The fast food stalwart that levels up when recession strikes

David Thornton

Livewire Markets

Consumer-facing companies generally suffer as growth slows and people reign in their spending. But for some companies in the consumer space, this is a good thing. Sometimes referred to as the "lipstick affect", expensive options get substituted for cheaper alternatives. 

McDonald's (NASDAQ: MCD) is one such beneficiary. Despite inflation soaring and growth slowing, the fast food giant was able to increase its same-store sales in the third quarter by 9.5%, beating StreetAccount estimates of 5.8% growth.

"Consumers are sensitive to price, but what happens for McDonald's is they become a net beneficiary because consumers see prices rise everywhere and they end up trading down to somewhere like a McDonald's," says Emma Henderson from Magellan. 

"So the fact McDonald's could raise prices to help cover those costs and still post a 1% increase in traffic demonstrates the resilience of their demand."

In this wire, Henderson discusses why a winning combination of pricing power, brand positioning and execution by management make McDonald's such a strong defensive play in the current environment.  

Emma Henderson, Magellan
Managed Fund
Magellan Global Fund
Global Shares

McDonald's (NYSE: MCD) FY22 Q3 key results

Please note the 'expected' numbers below are consensus forecasts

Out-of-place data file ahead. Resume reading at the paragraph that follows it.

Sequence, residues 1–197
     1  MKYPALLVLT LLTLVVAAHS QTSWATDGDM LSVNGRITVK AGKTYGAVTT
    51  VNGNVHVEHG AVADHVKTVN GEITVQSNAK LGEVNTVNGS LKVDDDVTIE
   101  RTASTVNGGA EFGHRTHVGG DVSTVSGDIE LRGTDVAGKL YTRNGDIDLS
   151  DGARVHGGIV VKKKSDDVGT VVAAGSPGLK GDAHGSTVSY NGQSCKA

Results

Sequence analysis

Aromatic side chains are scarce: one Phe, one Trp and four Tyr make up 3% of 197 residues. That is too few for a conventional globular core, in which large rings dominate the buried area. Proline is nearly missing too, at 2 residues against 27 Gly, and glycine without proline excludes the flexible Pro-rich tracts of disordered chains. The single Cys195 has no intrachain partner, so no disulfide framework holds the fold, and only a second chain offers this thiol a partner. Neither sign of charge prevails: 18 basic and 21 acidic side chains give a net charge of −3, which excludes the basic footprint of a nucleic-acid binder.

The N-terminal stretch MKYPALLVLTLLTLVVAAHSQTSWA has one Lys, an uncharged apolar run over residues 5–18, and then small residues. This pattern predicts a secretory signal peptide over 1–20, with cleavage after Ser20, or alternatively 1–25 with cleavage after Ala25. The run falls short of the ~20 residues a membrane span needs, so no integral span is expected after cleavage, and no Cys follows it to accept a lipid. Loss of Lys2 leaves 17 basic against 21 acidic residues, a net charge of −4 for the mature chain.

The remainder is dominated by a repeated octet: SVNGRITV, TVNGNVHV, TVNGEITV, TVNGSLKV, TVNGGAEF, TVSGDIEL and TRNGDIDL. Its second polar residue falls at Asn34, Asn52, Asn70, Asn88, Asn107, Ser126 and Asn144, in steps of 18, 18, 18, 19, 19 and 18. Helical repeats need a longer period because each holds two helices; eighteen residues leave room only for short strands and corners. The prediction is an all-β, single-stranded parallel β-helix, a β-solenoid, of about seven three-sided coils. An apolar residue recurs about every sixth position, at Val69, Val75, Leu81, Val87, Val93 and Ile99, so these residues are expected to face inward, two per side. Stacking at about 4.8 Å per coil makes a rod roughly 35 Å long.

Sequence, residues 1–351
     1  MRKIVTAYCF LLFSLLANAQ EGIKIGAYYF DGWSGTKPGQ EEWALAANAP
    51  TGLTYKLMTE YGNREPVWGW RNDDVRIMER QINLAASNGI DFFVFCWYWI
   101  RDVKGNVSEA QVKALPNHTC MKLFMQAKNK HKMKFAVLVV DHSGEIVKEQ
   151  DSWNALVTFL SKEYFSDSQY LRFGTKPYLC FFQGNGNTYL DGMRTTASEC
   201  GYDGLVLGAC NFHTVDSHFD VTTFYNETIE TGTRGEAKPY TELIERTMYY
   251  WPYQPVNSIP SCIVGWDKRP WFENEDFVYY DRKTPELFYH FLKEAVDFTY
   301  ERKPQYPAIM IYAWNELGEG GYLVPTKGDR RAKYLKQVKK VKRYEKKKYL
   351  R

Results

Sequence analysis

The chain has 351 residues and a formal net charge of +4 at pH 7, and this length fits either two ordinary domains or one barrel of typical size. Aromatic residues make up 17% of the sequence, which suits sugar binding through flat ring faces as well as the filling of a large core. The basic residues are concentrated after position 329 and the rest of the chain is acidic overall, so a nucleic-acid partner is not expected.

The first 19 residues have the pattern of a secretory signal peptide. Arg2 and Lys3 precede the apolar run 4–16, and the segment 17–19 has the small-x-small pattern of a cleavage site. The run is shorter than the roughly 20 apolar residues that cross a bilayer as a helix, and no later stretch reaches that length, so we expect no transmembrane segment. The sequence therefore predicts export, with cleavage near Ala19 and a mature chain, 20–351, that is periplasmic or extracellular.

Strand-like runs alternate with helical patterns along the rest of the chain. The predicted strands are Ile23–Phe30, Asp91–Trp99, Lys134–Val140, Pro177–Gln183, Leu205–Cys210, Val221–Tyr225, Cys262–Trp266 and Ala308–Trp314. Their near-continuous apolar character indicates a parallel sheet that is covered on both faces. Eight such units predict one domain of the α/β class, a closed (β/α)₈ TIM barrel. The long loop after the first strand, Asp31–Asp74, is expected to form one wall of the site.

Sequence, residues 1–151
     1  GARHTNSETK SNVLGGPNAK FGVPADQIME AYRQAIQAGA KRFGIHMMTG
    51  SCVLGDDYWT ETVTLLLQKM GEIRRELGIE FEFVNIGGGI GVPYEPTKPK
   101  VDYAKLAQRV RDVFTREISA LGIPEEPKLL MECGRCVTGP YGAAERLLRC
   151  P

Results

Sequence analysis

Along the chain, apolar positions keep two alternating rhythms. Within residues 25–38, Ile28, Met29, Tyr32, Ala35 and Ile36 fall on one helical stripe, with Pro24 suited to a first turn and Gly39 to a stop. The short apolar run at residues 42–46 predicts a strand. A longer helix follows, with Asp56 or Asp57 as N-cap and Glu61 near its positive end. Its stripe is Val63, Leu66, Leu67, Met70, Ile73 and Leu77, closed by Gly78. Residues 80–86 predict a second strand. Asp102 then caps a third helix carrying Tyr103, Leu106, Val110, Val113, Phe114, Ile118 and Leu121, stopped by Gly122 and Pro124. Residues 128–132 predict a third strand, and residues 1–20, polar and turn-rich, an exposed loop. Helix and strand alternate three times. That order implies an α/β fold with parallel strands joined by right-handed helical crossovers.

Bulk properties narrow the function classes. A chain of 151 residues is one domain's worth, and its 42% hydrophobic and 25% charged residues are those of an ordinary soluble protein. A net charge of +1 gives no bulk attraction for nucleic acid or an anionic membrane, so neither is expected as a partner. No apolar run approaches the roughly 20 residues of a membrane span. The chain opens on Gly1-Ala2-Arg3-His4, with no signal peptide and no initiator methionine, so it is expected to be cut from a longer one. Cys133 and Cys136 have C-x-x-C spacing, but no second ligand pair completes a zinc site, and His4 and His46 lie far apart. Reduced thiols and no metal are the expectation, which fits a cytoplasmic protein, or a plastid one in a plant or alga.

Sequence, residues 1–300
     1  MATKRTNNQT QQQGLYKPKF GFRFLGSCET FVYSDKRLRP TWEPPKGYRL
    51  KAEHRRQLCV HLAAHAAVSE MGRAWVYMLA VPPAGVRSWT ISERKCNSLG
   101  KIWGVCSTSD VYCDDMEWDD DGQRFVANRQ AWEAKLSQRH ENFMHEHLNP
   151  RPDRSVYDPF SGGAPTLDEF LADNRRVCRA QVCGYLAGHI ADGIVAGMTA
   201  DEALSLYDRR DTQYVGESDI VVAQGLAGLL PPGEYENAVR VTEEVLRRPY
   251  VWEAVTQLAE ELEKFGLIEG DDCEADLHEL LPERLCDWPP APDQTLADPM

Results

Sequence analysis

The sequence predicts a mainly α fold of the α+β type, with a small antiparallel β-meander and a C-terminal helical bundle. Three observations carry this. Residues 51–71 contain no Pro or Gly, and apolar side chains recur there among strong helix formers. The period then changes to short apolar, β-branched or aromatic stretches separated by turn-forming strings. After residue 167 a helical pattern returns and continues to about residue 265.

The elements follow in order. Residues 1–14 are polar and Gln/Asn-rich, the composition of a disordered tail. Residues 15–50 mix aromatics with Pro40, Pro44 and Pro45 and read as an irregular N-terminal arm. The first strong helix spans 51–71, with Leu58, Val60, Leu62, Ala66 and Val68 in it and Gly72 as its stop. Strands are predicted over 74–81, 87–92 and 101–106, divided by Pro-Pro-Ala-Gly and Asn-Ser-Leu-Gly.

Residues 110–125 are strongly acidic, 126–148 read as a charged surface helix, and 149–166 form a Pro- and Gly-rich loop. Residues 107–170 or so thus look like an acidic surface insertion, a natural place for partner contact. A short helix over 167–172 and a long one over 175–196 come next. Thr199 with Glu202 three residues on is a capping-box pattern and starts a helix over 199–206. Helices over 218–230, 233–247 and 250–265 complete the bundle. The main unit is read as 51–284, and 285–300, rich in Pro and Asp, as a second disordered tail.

• US same-store sales increased 6.1% versus 3.66% expected
  • International same-store sales increased 8.5% versus 5.60% expected
  • Revenue of US$5.87 billion versus US$5.70 billion expected
  • Adjusted earnings per share (EPS) of US$2.68 versus $2.57 expected

Note: This interview took place on Friday 28 October. 

Edited transcript

What was the key takeaway from this result?

The key takeaway is how important your brand positioning, business model and management execution are heading into a challenging macroeconomic environment. McDonald's is the leader brand on value and affordability in the restaurant space. It runs a highly profitable franchise model and it’s management team has been executing superbly on digital and marketing initiatives in its markets. And all of those elements were showcased in last night’s results.

What was the market’s reaction to this result? In your view, was it an overreaction, an under reaction or appropriate?

McDonald's stock traded up over 3% over night, compared to the S&P500 off half a per cent. This response was warranted, in my view. It was similar to the 4% earnings beat on market expectations. However, what was particularly notable in the result was how broad-based the outperformance was, and the consistency of execution we’ve been seeing. The key performance metric that the market monitors for McDonald's is same store sales growth, and that was up a strong 9.5% ahead of what the market was expecting of around 5.8%. And importantly, every geographic segment posted a strong beat.

McDonald's is a classic defensive holding for investors during times of volatility, and this result showcased the durability of its demand and the earnings stability it offers.

Were there any major surprises in this result that you think investors should be aware of?